Iggy learns not all bad deeds are created equal in this humorous tour of relative morality.
The Best of Iggy by Annie Barrows, illustrated by Sam Ricks. GpPutnam’s Sons, 2020, 125 pages.
Reading Level: Middle Grades, ages 8-10
Recommended for: ages 7-11
“All of us do things we wish we hadn’t done.” So true—but you may never have realized that there are categories of those things, in ascending order of badness. To wit: 1) things we mostly just wish we’d never got in trouble for, 2) things we wish we hadn’t pushed as far as we did, and 3) things we really, completely, honestly wish we hadn’t done. Iggy Frangi, we soon learn, is not a bad kid, in the sense of malevolent or mean. He just sometimes lets his imagination override that invisible brake labeled maybe-this-is-not-such-a-good-idea. And sometimes, as in the case of Jeremy Greerson, who is good in all the ways that mothers like (he plays cello!), Iggy finds himself needled beyond endurance.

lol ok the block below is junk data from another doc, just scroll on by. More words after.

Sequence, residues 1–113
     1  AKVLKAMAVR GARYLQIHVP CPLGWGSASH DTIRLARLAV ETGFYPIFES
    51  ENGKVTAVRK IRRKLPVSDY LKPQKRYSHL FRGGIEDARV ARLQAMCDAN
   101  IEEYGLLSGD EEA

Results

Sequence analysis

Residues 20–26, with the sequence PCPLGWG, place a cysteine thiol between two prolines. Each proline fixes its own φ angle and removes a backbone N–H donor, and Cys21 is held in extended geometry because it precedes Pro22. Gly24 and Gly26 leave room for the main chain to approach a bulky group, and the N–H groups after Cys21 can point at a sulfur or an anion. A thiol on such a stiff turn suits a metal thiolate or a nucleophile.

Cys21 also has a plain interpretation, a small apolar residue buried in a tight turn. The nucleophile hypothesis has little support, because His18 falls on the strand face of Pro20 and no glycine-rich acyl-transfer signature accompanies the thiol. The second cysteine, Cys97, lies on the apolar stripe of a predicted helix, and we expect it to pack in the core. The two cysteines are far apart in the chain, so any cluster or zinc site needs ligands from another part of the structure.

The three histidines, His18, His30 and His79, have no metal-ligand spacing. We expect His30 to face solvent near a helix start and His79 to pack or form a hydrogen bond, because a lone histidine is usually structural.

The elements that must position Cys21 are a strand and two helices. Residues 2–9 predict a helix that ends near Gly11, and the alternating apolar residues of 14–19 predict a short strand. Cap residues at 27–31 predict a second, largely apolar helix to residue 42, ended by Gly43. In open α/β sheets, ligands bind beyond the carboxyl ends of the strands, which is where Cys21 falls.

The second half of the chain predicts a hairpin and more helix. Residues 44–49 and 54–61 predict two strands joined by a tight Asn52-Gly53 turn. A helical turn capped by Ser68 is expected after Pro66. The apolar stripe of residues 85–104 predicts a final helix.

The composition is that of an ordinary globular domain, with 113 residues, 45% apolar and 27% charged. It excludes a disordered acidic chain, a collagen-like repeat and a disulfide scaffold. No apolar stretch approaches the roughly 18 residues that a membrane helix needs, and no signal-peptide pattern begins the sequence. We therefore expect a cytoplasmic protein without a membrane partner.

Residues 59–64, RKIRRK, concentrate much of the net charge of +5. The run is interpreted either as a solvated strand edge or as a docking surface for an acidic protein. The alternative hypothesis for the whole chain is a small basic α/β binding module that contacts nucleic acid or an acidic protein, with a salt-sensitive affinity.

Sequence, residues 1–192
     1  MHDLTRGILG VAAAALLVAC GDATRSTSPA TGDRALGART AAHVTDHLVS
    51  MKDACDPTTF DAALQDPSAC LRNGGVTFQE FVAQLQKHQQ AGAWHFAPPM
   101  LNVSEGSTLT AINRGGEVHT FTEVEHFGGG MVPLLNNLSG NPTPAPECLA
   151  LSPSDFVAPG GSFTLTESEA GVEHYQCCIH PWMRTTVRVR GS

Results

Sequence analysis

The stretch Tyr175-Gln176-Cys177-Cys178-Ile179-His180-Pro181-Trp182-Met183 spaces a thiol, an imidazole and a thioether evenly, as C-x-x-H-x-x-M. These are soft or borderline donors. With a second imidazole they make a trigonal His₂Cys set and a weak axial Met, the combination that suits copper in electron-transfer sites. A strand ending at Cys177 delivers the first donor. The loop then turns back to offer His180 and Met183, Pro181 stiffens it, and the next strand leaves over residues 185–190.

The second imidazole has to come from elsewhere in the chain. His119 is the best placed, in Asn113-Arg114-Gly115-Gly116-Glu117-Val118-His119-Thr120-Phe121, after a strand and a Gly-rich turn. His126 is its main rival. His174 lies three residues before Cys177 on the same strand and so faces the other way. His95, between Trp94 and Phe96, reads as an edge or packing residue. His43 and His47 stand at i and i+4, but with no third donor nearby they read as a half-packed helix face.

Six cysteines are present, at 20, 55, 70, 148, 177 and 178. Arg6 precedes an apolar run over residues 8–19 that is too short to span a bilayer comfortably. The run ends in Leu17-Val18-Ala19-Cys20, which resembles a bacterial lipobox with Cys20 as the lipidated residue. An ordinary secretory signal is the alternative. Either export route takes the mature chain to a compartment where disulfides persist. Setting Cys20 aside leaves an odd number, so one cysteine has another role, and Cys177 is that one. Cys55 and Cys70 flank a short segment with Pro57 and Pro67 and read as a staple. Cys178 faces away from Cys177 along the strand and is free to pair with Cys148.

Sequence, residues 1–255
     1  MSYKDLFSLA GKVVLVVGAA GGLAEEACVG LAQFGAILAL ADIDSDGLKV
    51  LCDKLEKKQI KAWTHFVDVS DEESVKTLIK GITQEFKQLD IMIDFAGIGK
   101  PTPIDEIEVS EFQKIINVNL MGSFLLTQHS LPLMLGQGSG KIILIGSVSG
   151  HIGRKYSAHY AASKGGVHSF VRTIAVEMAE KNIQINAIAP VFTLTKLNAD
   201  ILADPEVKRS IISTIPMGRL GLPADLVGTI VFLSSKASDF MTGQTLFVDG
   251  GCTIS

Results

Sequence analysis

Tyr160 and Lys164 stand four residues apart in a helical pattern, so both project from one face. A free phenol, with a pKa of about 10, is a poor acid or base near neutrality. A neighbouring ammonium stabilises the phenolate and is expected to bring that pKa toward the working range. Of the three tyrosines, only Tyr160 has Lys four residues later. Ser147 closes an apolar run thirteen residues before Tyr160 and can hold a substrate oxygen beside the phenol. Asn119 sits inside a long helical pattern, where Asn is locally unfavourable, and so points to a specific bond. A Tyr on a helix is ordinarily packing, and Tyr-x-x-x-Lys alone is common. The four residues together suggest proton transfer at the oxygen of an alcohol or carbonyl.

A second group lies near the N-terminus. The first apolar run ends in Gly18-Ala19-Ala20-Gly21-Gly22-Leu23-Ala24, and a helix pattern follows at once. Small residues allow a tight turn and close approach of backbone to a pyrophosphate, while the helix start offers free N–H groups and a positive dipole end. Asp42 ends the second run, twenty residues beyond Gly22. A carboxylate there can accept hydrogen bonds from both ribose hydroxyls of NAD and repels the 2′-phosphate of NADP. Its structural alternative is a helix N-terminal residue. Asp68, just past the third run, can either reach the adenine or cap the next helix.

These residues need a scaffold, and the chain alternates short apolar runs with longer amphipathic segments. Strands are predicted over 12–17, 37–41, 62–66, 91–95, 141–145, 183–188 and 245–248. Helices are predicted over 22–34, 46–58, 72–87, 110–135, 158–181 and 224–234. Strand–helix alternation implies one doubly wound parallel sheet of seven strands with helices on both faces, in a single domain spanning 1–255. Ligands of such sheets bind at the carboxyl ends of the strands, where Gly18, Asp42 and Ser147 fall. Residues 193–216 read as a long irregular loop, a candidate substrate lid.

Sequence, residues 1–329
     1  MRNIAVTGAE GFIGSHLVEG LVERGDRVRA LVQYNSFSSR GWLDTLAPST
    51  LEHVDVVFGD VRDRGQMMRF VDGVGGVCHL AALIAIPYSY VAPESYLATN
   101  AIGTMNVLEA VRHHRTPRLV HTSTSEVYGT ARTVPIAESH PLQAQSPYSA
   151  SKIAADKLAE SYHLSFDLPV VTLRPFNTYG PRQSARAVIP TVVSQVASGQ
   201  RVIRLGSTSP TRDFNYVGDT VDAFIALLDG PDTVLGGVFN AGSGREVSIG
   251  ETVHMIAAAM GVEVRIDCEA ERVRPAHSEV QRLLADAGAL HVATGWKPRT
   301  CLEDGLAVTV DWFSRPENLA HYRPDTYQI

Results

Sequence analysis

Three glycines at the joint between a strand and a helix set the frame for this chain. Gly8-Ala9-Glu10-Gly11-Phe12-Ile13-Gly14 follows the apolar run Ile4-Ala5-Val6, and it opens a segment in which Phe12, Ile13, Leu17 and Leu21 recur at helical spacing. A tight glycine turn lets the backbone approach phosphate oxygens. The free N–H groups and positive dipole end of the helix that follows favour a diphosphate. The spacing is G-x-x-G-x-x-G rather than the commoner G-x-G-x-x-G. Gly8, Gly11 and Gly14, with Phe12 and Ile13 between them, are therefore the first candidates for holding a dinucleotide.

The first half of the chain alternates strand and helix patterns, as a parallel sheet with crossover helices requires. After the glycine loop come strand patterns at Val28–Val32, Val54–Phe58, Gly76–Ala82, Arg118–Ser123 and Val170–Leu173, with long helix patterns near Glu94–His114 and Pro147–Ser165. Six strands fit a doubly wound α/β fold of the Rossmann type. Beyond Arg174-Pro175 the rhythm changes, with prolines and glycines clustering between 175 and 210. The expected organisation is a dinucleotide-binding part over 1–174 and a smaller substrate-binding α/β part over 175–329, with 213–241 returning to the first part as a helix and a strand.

This is a quick, funny read that may not do much to model good behavior, but most kids can identify with the three categories of things we wish we hadn’t done. And I think most kids will understand that the incident with Jeremy Greerson could have turned out much worse and they’d better not try it at home. As for the incident with the school desks—wow! Who would even think up that one? After reading The Best of Iggy, would anyone like to share their own experiences with the three categories?
Overall Rating: 3.75 (out of 5)
- Worldview/moral value: 3.5
- Artistic/literary value: 4
Also at Redeemed Reader:
- Betsy writes about middle-grade humor, with two books about twerps and bullies, here.
- Also other middle-grade losers, an Awesome Friendly Kid, and the irrepressible Henry, of Chalk-Dragon fame.
We are participants in the Amazon LLC affiliate program; purchases you make through affiliate links like the one below may earn us a commission. Read more here.
Support our writers and help keep Redeemed Reader ad-free.